Parisian florists who practice the art of sustainable bouquets

Forget "flower power"; now's the time for "slow flower power"! In Paris, florists with an eco-responsible mission are sowing the seeds of a new bouquet aesthetic, respectful of the seasons and local sourcing. In their hybrid shops, the flowers, all of French origin, bloom against a backdrop of made-in-France decor. Check out these five florists with eco-green thumbs to find something suitable (and beautiful!) to grace your sustainable or local-food table!

Désirée: good enough to eat

At Désirée everything goes hand in hand: the creators, Audrey Venant and Mathilde Bignon, a duo inspired by the French horticultural sector run two shops, one in the 11th arrondissement, the other in the 19th, which function as a florist shop and café! Everything is local and seasonal: the coffee is part of the "eco-friendly" network of sustainable food, and fresh or dried flowers were cultivated by French producers, in Brittany, in the Var, in Ile-de-France, and even in Paris itself (Désirée also sells some of the 200 or so species cultivated organically at Plein Air, the capital's first urban flower farm). With farm's founder, Masami Charlotte Lavault, the duo of florists even wrote a book called "Désirée Pâtisser Cultiver Fleurir" on how to combine the slow food and slow flower movements!

Désirée (External link)

Les Fleurs Sauvages: 100% sustainable

From artistic direction to becoming a florist, the difference lies only in the medium! After working as a freelancer for Cartier, Guerlain and other French luxury brands, Tonia now exercises her creative talents by composing bouquets of flowers for events and for her store in the 18th arrondissement. Her new media: dried flowers from Allier and the south of France, grown from organic farms and selected for their bright colors and hold. After all, bouquets of dried flowers must be like true love, eternal (or nearly)! To enhance them, Tonia works with artisans who provide her with pretty hand-crafted vases. The arrangements are wild, of course, but above all: beautiful!

Les Fleurs Sauvages (External link)

Maison Muscari: a poetic nursery

A stone's throw from the Port-Royal maternity hospital, an unusual boutique opened in early 2020, both a flower shop and a nursery for assorted décor and furniture, all 100% made in France. A poetic and joyful spot where you can pick up artisanal leather goods as well as country-inspired arrangements mixing artichokes, carrot flowers and lilies-of-the-Nile...or even a kiss! By that we mean MuXu ("mouchou," meaning kiss in Basque), the signature bouquet of Maison Muscari, sold in a mini mottled vase! The flowers and foliage come from local producers, cultivated organically or sustainably, without preservatives or additives and delivered by bicycle in recyclable packaging.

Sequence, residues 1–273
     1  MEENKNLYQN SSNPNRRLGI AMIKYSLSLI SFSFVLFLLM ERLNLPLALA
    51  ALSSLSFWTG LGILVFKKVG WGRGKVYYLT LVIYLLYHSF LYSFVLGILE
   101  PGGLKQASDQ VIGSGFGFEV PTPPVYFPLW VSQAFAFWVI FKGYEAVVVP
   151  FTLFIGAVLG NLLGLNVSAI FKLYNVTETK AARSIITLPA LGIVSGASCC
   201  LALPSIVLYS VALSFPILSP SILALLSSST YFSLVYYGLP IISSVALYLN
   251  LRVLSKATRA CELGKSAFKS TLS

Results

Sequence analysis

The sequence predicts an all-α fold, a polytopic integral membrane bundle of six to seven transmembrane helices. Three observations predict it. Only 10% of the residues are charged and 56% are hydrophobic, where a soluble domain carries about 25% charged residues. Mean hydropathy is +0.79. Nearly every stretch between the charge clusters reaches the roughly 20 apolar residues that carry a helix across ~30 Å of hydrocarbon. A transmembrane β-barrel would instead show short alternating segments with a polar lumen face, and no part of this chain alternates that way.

Maison Muscari (External link)

Eucalyptus Paris: a journey through the gardens of France

Daughter of an artisan jeweler, working with major brands such as Chanel and Richemont, Mathilde Leblanc has chosen to preserve another ancient know-how: that of florist. In 2019, her eco-responsible vision took over Eucalyptus Paris, the family shop in the 16th arrondissement. Active member of the Collectif de la Fleur Française, advocating the "slow flower" movement, Eucalyptus Paris picks its fresh flowers according to the seasons: anemones from Var, peonies from Seine-et-Marne and Breton hydrangeas, and composes bouquets of landscapes. Still want to travel in the gardens of France out-of-season? You can stock up on dried flowers from responsible horticultural farms in Ile-de-France, Brittany and the Center region.

Eucalyptus Paris (External link)

L’Olive en Fleurs: flowers that make sense

"Say no to flowers that travel more than you do"! The message posted on the slate of the day is clear: in the covered market of La Chapelle, Marie cultivates flowers with meaning and a passion for objects that have a soul. Determined to help preserve French lands and biodiversity, she draws colors and scents from horticulturalists in the Var or Ile-de-France. And because she loves the idea of sharing, she also opens her shop to local artists whose work represent "art in the heart of the blooming olive" or the art of making the beautiful bloom! Her mantra is from the Little Prince by Saint-Exupéry: "it is necessarily useful because it is pretty" ...

L'Olive en Fleurs (External link)

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